I recently finished another round of modifications to my Musical Fidelity Tri-Vista 21 Class A Tube DAC. In this post, I go into details about the changes and the MIL-spec vintage parts I’ve used!
Actually, I will do some more power supply modifications in 2018, more on that when it happens. This is part three, in an ongoing process to develop and evaluate the best performance mods for the wonderful Musical Fidelity Tri-Vista 21 DAC.
My Musical Fidelity Tri-Vista 21 is serial-numbered in the low 1400’s, of 1500 built. This time I am focussing on signal path integrity, the last round of mods I made were more about local power supplies and decoupling.
I am especially keen to replace the 0.47uF capacitors in the signal path to the 5703 tube output stage. This will make a real difference, any capacitor in the signal path influences the sound in some way. My video, outlining the first stage of improvements I made to the MF DAC contains more details.
I am also replacing the 6 x LM4562 op-amps I installed in my part 1 changes, with good old NE5532 op-amps in the I/V conversion stages and ridiculously expensive LT1028 op-amps in the balanced to unbalanced conversion stage.
I am implementing this as per the datasheet for the TI PCM1792 DAC chip. I figure that the engineers who’ve specified this arrangement have done so for very good reasons. MF could never have included $20 op-amps in the Tri-Vista 21 for production cost reasons, but we can certainly do it now.
UPDATE: The LT1028 opamp does not work in this application, despite being the preferred solution by TI for the PCM1792. I should have realised it wouldn’t work.
MF has designed the summing circuit suits the 5532, with a unity gain bandwidth of 10MHz. The LT1028, with a bandwidth of 75MHz oscillates and draws too much current. They got so hot after a few seconds that I had to shut her down. I will stick with a pair of the outstanding LM4562 opamps in the balanced to unbalanced summing role.
To summarise, the NE5532 actually features superbly low current noise, much lower than many new, state-of-the-art op-amps. This is why TI recommend it as the I to V converter after most of the DAC chips, even now. However the LM4562 features superbly low voltage noise and lower distortion, far lower than the NE5532, so it is in fact perfect here in its role as a summer.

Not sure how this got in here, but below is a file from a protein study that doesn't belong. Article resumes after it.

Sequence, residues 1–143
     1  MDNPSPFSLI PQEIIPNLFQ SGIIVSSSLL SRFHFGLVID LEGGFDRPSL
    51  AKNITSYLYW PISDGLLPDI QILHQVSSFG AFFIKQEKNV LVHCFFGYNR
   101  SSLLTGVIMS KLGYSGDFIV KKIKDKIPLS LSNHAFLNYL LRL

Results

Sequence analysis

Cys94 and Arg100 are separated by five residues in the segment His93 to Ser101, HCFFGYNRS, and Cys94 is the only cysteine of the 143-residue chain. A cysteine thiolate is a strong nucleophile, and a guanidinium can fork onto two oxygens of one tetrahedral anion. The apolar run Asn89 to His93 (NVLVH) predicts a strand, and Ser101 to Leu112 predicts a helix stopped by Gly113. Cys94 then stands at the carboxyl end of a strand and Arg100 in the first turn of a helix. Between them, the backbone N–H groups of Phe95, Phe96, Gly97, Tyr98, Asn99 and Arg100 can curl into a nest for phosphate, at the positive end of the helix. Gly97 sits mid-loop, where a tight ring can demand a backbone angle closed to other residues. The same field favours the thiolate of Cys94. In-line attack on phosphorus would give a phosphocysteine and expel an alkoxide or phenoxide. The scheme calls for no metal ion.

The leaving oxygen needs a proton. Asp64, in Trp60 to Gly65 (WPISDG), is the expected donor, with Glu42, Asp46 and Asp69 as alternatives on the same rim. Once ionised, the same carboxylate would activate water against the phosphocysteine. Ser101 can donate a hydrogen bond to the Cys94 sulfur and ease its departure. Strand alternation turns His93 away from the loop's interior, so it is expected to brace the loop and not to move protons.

I am also trying a third output coupling capacitor arrangement. I have removed the large Obbligato 10uF paper-in-oil caps I previously installed in part 2 of my mods.
I’ve decided to use some very cool ERO MKC film caps that I pulled from some medical gear a while ago. These are meant to sound amazing, perhaps even better than the ERO MKT 1822 caps Ive used elsewhere in this unit. I’ve bypassed them with the same Siemens MKT film caps I’ve used throughout the DAC.
Finally, I’m removing the factory flying leads that connect the output jacks and installing aviation-grade Belden Teflon-sheathed silver-coated copper wire. This is running straight into a pair of gorgeous CMC silver RCA jacks, silver-soldered, of course!
Local Power Supply Decoupling
I have replaced the four filter caps located near the opamps. These provide a local charge reservoir and provide the lowest impedance +/- 15 V rails for the op amps. I had originally replaced the factory Jamicons with 100uF Panasonic FM – superb caps. This time I went with larger 220uF Panasonic FC low-impedance caps. This was a last-minute thing and I did it because I have all these premium parts in stock just sitting there, begging to be used!
The end result is that the Musical Fidelity Tri-Vista 21 sounds sublime, better than she ever has. This results really validates all the modifications I have made to this great DAC. This is now easily the most analogue and relaxed sounding digital system I have heard in my home and one of the best I’ve heard anywhere.